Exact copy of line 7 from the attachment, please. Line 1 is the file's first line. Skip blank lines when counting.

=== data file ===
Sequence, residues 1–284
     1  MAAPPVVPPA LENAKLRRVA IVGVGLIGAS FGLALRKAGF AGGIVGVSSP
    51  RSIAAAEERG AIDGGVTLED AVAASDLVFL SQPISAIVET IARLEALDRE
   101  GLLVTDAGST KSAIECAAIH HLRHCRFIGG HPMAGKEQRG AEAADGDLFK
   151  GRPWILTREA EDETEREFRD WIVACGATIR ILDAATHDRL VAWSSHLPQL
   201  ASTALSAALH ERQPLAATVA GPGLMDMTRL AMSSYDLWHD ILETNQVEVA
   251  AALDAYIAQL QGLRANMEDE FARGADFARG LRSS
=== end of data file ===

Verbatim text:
   251  AALDAYIAQL QGLRANMEDE FARGADFARG LRSS